Turkish Parliament opens, eyes turn to new cabinet
Sevil Erkuş - ANKARA
HÜRRİYET photoThe 26th legislative term of Turkey’s parliament opened on Nov. 17 with newly elected MPs taking their oaths and with President Recep Tayyip Erdoğan in attendance. Eyes have now turned to the names set to be included in the Justice and Development Party (AKP) government’s new cabinet.
Erdoğan gave Prime Minister Ahmet Davutoğlu the mandate to form a new government hours after the PM took his oath.
As the oldest member of parliament, Deniz Baykal, the former leader of the main opposition Republican People’s Party (CHP), made the opening speech as temporary parliament speaker until parliament elects its new speaker.
In his speech, Baykal delivered stern warnings to the ruling party, underlining the necessity for reconciliation between the AKP and opposition parties and saying the fact that the AKP won a single-party majority only increased this necessity.
Baykal said the breakdown of dialogue between the AKP and the opposition leads directly to the suppression of the judiciary and the media.
In an indirect reference to the movement of U.S.-based Islamic scholar Fethullah Gülen, an ally-turned-foe of the government, Baykal said the AKP should now realize “the drawbacks of turning the state over to a religious community” but must now also beware oppressing certain religious communities.
Baykal refused a request by CHP deputy Sezgin Tanrıkulu to stand in silence in memory of the victims of the recent terrorist attacks in Suruç, Ankara and Paris, stating that parliament should first take its oath. Bennur Karaburun, the first deputy to take their oath, recited “Bismillah” (in the name of God) while pledging. HDP Co-Chair Selahattin Demirtaş, meanwhile, was not able to attend the session as he is recovering from recent upper respiratory tract surgery.
Prime Minister Ahmet Davutoğlu later meet President Erdoğan, who gave him the mandate to form a new government.
Davutoğlu will likely announce the members of the new cabinet Nov. 19 or on Nov. 20, according to party members speaking on condition of anonymity.
A motion signed by Erdoğan that says the interim government will remain in charge until a new government is formed was published in the Official Gazette and went into force late on Nov. 16.
Sources say Davutoğlu plans to include two women in the new cabinet, while former Deputy Prime Minister Ali Babacan has been tipped as a possible contender to take over as Turkey’s new foreign minister.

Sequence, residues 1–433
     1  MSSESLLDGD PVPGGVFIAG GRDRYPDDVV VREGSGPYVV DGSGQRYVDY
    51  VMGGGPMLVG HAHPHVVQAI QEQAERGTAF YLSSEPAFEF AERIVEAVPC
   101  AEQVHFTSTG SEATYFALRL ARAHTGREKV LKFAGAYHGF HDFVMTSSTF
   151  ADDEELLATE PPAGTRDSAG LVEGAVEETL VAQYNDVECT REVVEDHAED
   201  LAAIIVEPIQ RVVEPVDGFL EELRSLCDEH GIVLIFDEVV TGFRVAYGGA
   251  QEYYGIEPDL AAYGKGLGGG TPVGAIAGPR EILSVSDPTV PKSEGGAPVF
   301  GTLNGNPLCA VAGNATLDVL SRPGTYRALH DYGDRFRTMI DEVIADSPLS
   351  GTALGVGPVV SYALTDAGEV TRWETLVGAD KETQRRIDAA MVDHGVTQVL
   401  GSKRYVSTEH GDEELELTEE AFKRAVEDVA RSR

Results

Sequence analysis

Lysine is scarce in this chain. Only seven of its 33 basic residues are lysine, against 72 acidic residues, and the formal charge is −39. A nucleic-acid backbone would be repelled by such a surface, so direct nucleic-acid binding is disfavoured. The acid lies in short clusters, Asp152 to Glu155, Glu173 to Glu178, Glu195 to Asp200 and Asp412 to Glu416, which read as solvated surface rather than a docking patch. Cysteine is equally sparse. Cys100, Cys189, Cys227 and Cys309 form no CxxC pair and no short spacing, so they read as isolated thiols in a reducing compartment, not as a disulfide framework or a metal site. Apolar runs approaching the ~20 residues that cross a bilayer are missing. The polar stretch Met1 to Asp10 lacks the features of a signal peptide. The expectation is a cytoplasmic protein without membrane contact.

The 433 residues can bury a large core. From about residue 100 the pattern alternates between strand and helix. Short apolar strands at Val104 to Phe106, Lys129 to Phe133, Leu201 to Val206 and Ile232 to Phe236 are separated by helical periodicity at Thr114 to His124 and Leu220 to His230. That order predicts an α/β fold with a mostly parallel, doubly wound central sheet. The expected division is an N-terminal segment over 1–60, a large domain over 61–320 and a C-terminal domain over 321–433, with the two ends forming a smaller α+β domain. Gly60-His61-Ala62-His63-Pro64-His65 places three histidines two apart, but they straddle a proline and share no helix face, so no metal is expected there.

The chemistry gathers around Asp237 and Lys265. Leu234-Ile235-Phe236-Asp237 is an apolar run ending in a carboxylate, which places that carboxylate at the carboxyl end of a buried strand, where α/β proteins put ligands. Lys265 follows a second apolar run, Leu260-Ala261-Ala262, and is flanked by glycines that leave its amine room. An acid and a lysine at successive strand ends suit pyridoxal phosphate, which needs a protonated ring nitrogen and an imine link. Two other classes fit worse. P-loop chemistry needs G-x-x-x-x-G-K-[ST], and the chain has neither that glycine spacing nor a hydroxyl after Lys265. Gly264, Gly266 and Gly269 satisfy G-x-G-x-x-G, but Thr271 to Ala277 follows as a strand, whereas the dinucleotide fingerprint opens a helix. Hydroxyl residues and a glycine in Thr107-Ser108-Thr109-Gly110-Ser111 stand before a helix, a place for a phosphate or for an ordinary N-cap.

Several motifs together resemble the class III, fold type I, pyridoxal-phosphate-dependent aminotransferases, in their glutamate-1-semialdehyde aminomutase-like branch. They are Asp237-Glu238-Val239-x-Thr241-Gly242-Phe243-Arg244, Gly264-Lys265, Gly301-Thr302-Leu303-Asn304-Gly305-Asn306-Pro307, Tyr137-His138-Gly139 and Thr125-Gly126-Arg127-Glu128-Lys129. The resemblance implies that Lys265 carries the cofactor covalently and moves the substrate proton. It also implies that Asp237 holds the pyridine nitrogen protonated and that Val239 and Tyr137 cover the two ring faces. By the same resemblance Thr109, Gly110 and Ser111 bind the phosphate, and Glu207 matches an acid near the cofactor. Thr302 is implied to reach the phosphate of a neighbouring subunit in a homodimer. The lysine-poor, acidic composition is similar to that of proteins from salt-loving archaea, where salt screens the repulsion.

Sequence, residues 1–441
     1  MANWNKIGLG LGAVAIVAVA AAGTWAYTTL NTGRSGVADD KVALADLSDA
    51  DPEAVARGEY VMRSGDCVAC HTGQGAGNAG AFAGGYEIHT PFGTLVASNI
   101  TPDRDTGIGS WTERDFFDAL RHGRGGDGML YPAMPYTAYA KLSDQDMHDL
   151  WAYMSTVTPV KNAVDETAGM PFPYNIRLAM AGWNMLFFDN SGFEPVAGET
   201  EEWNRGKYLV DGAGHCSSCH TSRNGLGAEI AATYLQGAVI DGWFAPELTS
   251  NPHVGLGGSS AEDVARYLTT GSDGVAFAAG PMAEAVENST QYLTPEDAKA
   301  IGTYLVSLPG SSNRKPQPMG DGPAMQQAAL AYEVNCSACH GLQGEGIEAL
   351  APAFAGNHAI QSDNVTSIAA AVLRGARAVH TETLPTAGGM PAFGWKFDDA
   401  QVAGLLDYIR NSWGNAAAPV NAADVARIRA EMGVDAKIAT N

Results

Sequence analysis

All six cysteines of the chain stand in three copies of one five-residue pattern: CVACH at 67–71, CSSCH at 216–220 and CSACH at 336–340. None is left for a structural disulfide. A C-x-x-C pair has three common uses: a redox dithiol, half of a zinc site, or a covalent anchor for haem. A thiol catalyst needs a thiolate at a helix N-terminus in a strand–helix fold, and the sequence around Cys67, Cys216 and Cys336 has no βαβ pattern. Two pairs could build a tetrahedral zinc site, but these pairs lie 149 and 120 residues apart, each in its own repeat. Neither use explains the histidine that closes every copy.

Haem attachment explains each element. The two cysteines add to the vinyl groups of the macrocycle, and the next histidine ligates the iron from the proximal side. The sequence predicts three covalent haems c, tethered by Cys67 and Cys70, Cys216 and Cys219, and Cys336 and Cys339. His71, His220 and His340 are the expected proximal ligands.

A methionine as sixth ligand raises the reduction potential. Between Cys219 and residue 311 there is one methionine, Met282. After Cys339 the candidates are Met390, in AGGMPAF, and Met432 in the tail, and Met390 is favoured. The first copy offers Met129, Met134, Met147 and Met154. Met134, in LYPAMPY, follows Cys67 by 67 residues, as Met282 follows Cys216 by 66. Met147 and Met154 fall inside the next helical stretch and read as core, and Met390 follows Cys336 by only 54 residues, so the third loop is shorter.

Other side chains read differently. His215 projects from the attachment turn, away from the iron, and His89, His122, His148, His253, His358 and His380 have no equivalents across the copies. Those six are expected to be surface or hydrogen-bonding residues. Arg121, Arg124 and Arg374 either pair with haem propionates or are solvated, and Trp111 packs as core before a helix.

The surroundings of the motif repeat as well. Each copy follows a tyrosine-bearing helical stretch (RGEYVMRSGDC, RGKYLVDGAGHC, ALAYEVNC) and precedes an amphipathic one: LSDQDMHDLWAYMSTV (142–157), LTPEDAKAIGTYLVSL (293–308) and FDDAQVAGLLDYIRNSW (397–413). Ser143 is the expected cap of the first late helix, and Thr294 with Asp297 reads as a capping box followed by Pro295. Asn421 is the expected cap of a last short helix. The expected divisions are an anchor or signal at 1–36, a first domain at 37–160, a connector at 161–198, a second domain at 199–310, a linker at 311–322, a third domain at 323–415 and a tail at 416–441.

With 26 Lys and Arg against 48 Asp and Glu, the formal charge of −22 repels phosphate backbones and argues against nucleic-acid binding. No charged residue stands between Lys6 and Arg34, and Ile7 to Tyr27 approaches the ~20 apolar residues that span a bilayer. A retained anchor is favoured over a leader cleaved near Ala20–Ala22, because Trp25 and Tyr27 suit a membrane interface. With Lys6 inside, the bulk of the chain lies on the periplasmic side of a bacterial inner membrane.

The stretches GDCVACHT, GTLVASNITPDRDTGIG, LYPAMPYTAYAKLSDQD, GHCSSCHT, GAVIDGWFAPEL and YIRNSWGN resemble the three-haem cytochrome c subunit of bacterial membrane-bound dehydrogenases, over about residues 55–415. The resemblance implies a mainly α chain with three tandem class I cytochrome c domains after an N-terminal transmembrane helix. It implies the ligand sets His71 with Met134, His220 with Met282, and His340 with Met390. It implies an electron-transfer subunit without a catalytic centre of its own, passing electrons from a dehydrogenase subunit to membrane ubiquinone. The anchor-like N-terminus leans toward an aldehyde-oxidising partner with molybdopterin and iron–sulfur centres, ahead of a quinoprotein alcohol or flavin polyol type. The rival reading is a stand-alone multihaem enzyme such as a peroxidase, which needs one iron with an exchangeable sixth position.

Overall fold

MP İsmail Kahraman, known as a name close to President Erdoğan, is expected to be the AKP’s candidate to be the new parliament speaker.
Zana oath crisis
Speaker of the Turkish parliament has declared an oath taken by a leading Kurdish politician null and void due to the latter’s rewording of the oath.
“I swear upon my honor and integrity, before the great Turkish nation, to safeguard the existence and independence of the state, the indivisible integrity of the country and the nation, and the absolute sovereignty of the nation; to remain loyal to the supremacy of law, to the democratic and secular republic, and to Atatürk’s principles and reforms; not to deviate from the ideal according to which everyone is entitled to enjoy human rights and fundamental freedoms under the notion of peace and prosperity in society, national solidarity and justice, and loyalty to the Constitution,” says the oath.
However, Leyla Zana, Ağrı, deputy of the Peoples’ Democratic Party (HDP), used the phrase “the great Turkey nation” instead of “the great Turkish nation.” Deniz Baykal, Antalya deputy of the Republican People’s Party (CHP), running the first session of the newly elected parliament at the oath-taking ceremony on Nov. 17, declared the oath by Zana null and void, while inviting her to once more take the oath.
However, Zana had already left the assembly hall. It was not yet clear whether Zana would repeat the oath during the session that was expected to last until the early morning of Nov. 18 or during a session in the coming days.